Remember the CB radio craze back in the 70s and early 80s?  This was before cell phones and the like took center stage.  Bud and I each had a CB radio in our cars.  His “handle” was Diamond Jim and mine was Satin Doll.  We joined a CB club and made new friends with Papa Bear, Lady Red, the Poet, Mud Turtle, Shoestring, Dodge Boy, Mopar Kid, Golden Bear.  Unfortunately my memory fails me as I try to remember others, but we were a good-sized group.

Aside from meetings, we got together for Saturday night dances, holiday parties and even a weekend in the Poconos.  Families were a big part of this experience.   We had picnics where we had board games, old and young played softball; however, the favorite was a tug-o-war between the “older guys” and the “youngsters.”  Hearty laughter could be heard as one-by-one the participants fell to the ground.  The “oldsters” usually won but not without fierce competition from the kids.

Most CBers were respectful, helpful and a calming influence in an emergency.  If a motorist was lost, there was always someone on the air who would give directions, sending the driver on the right route.  Many times we’d receive a “10-42” which meant there was an accident up ahead and we were given an alternate route to follow.

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One evening we had our own personal emergency.  Bud and George, Jr. were returning home from bowling in White Plains.  I remember looking at the clock and thinking they were running a little late.  Suddenly the phone rang.  The woman calling had a “base station” (stationery location) and monitored the Taconic Parkway--she had picked up Bud’s emergency call.  She advised that Bud’s car had broken down just over the Croton Dam Bridge and that I needed to pick them up.  When I arrived, the State Police were there along with a good Samaritan.   Picture this:  eerie, quiet darkness with the only lighting from the other cars’ headlights, red and blue flashing lights trying to penetrate a light fog, the groaning of the bridge structure and the sounds of water softly lapping under the bridge.  This was a perfect spooky setting for a haunted Halloween night!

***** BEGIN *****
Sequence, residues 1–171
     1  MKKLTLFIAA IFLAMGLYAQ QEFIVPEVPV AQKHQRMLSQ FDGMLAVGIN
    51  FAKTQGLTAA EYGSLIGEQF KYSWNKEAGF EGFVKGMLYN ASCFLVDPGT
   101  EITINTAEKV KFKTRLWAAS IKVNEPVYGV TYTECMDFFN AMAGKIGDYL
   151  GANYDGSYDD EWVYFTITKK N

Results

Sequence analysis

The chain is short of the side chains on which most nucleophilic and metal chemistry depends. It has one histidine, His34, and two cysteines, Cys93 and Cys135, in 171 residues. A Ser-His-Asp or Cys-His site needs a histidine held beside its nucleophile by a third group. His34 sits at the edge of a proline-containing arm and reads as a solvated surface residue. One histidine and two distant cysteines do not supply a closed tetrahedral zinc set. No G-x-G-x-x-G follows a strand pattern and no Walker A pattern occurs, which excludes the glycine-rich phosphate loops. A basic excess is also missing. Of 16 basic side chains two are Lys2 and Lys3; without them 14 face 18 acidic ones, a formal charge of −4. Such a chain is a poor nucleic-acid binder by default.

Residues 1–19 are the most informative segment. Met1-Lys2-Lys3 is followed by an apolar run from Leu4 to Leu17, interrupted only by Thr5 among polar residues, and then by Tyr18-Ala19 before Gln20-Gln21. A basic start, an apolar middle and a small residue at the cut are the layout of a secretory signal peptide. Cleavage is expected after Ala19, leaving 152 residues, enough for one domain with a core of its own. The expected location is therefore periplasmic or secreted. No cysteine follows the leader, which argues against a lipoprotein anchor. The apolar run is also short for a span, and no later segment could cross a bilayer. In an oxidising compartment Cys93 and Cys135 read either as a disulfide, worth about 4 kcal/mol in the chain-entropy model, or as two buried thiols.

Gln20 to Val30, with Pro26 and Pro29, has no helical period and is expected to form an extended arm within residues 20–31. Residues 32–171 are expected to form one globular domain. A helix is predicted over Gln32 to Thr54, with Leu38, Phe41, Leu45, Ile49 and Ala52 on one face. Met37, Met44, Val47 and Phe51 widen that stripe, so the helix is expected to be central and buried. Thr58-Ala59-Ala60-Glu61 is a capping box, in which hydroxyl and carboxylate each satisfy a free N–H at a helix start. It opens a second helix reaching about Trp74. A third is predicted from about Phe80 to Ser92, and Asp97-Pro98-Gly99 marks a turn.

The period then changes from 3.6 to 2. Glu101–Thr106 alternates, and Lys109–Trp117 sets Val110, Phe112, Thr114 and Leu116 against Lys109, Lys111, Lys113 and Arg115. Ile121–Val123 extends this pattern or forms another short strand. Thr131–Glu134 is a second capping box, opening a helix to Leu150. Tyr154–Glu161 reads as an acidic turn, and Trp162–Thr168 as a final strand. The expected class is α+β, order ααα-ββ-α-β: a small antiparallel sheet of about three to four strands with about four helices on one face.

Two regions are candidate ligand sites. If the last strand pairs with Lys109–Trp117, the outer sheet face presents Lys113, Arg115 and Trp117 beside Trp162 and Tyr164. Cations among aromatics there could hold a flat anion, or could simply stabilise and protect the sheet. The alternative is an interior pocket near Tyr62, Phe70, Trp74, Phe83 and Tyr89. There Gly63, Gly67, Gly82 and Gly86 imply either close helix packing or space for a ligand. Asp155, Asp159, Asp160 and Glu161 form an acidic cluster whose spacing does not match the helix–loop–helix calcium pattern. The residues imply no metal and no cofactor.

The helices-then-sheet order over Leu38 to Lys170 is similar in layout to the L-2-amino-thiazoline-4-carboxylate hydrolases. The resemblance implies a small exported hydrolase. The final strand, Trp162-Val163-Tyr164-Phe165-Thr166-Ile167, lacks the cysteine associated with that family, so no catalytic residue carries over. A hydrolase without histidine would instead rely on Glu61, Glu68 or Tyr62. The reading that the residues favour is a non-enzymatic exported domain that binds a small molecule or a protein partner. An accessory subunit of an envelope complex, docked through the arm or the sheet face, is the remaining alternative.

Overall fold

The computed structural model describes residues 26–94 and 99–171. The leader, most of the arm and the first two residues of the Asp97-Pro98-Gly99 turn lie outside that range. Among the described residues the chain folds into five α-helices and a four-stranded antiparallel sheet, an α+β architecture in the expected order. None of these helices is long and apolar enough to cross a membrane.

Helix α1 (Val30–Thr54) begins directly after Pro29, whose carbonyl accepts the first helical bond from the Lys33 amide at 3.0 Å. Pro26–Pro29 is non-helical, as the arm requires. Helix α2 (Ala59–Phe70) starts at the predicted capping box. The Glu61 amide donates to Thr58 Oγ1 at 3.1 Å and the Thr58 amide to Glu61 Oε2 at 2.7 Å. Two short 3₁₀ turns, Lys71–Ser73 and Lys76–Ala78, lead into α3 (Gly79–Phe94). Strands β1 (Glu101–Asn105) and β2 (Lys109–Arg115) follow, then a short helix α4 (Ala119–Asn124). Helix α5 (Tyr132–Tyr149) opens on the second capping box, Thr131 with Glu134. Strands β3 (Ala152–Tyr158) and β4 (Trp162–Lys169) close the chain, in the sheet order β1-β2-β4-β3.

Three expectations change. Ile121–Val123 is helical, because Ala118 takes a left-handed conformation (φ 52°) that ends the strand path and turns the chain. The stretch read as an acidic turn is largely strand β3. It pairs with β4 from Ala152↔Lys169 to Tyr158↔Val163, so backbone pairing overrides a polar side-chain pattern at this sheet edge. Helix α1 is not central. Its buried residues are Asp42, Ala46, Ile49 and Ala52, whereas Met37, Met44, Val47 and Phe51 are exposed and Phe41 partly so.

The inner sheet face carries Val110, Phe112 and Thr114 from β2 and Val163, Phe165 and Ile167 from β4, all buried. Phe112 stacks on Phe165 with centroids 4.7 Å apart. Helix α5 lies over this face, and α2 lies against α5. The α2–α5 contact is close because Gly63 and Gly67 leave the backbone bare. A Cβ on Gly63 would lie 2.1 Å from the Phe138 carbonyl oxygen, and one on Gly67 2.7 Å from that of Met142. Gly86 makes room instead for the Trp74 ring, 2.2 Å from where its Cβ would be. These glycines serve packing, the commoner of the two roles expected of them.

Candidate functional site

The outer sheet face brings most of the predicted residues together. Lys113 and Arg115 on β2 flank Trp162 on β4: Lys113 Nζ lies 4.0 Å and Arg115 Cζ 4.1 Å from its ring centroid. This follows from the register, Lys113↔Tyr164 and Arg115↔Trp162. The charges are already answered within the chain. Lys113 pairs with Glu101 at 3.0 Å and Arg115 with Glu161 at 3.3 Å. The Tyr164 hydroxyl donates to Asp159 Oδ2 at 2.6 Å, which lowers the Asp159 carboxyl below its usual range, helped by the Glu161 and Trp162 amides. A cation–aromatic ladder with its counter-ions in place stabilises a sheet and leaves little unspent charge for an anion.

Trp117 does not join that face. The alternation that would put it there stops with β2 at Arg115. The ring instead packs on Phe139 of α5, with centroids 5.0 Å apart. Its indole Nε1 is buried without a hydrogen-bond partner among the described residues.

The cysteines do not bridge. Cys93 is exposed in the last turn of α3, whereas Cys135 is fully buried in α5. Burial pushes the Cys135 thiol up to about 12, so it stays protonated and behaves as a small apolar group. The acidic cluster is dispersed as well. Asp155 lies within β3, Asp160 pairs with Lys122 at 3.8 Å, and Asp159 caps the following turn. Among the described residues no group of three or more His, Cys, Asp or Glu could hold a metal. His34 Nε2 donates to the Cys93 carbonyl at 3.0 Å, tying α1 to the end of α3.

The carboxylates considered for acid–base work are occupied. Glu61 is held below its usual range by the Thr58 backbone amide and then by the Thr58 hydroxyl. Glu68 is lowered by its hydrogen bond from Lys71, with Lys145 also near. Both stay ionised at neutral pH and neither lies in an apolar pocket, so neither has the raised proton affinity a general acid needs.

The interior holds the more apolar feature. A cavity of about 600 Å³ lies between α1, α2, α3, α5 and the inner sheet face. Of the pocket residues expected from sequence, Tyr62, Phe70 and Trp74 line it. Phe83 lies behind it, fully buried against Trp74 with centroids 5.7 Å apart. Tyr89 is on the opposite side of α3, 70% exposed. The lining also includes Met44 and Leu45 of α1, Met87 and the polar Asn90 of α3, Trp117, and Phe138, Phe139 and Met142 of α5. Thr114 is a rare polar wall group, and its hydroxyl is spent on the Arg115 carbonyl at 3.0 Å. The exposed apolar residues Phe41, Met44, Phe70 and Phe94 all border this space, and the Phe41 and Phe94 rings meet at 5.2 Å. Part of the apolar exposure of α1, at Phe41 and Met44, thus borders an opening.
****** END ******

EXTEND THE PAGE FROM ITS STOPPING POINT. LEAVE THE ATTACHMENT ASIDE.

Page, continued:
This experience involved the family:  We were taking a long weekend vacation with the boys and were traveling on the Pennsylvania Turnpike.  One of my younger guys expressed fear that we were “boxed” in by 18-wheelers.  Sure enough, one on each side, another in back of us and a truck in front.  Bud signed on the CB, described our car and told of our boy’s discomfort.  

“Not to worry, Dad.  I’m in front of you and will be pulling over to the right so you can go through.”

As we passed, the truck driver gave us the horn—the boys had “signaled” him to do so—and a big wave.  Thanks for easing a small boy’s fear!  

Another trip down memory lane.  This was a fun and outstanding experience for our whole family.